Summer is in full force, and it seems all the griping about rain the past couple years has finally caught up with us.
Although I have strong distaste for the heat, summer is my favorite season because it’s peak season for flowering perennials. Even on a miserably hot day, summer flowering perennials make it all worth it.
While woody plants function as the backbone of the landscape, perennials ought to be the workhorses. They offer more abundance in color, texture, and form, while taking up less room than most trees and shrubs. Though there are a lot of summer flowering perennials to choose from, here are my favorites that I think you should incorporate into your gardens.
If I had to pick one plant in the entire garden center that fit the label of “aristocrat”, it would be the delphinium. This perennial comes in hues of pink, purple, white, and true blue. In fact, I don’t think any other plant has near the variation of true blue that the delphinium has.
Delphiniums appreciate full sun but don’t care for intense heat. Avoid planting them near cement or in landscape rock as these surfaces reflect heat. They like moist soil but won’t tolerate being overwatered either. Be mindful of mulching around this plant so the site isn’t soggy, especially in winter. While they’re not hard to maintain, they do require you to be mindful of where you plant them.
Plant delphiniums in groupings for impact; as with many perennials with vertical floral structures, standalone plants end up looking wimpy. Delphiniums you see in garden magazines, for example, are always in groupings.
We bring in several series, including plants from the New MilleniumTM and Magic Fountain series, which tend to be smaller than average but have better tolerance for heat and humidity. We also carry the Pacific Giant series, which are larger. If you’re interested in learning more about delphiniums, I recommend gardenia.net, which is one of the best resources for perennials.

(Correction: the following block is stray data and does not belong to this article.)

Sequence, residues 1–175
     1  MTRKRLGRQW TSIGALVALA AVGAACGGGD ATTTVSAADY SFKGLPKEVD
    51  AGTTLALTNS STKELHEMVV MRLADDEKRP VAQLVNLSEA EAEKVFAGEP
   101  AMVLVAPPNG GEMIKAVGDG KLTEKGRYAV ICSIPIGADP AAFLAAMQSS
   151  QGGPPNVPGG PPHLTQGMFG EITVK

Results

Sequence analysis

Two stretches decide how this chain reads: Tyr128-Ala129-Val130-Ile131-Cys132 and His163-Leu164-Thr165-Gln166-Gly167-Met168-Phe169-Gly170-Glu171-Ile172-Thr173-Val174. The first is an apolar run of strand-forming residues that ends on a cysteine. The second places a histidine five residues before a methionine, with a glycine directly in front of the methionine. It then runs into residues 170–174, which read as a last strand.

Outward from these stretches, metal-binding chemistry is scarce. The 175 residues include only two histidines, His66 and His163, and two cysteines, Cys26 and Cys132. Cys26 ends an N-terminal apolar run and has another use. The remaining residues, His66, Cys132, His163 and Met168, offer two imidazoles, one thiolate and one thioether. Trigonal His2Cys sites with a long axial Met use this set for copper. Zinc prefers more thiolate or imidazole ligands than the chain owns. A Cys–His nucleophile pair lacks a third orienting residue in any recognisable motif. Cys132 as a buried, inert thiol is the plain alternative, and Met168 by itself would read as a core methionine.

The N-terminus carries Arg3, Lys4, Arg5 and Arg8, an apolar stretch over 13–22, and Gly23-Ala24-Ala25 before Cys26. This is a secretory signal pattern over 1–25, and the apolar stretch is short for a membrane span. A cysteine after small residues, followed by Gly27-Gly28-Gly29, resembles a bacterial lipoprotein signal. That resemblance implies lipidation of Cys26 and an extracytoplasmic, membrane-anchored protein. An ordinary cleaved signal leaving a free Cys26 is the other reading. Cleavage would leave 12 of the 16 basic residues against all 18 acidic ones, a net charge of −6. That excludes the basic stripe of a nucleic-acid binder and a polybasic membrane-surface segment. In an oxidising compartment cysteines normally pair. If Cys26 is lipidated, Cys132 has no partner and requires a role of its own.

What’s a garden without Garden phlox? This native species begins flowering in mid-summer and continues through early fall. The flowers come in hues of pink, coral, purple, and white. One of my favorites is David Phlox (Phlox paniculata ‘David’) which is a beautiful, crisp white that stands at 2-3 feet high.
Garden phlox is known for being prone to powdery mildew, which is unsightly but rarely fatal. The best way to avoid this, however, is to plant them in full sun and avoid wetting the foliage when you water them.
I grow two cultivars of Garden phlox in my garden: Jeanna (P. paniculata ‘Jeanna’) and Glamour Girl (P. paniculata ‘Glamour Girl’). Jeanna has smaller but more numerous flowers than other Garden phlox, resembling butterfly bush or Joe Pye flowers. Glamour Girl has flowers like most, but the saturated coral color is unmatched. Both have shown to be winners in disease resistance, and in the case of Jeanna, with pollinator attractiveness.
I could do a whole blog post on Black-eyed Susan. Stay tuned, perhaps!
Black-eyed Susan is another perennial that every Pennsylvania garden should incorporate. Popular as an ornamental around the world, this plant is native to the mid-Atlantic and much of the East coast. There are 20 or so species, with many additional cultivars and hybrids. ‘Goldstrum’ is among our most popular selections (Rudbeckia fulgida var. sullivantii ‘Goldstrum’) due to its hardiness and long-flowering time.
My favorite Black-eyed Susan is a cultivar called ‘Autumn Sun’ (R. laciniata ‘Herbstonne’) which averages around 5 or 6 feet tall. I love big perennials because they make dramatic statements in the landscape. Small forms are also available, including ‘Little Gold Star’ (R. fulgida ‘Little Gold Star’) which averages around a foot tall. Most average around 2-3 feet high.
Black-eyed Susan flowers from mid-summer through early fall. Though I consider this to be a summer flowering perennial, it’s the perfect plant to transition the landscape from summer to autumn. Mine have been flowering for a couple months already and are still going.
Bee balm and Wild bergamot are two species of Monarda although both – and their hybrids – are often referred to as just Bee Balm. True to the name, bees love them. I wish more landscapes used Monarda because it’s an important food source for bees and other pollinators. I really like the Proven Winners Pardon series, including Pardon My Cerise and Pardon my Lavender, for its petite size – great for the front of a landscape bed. Larger cultivars are just as utilizable.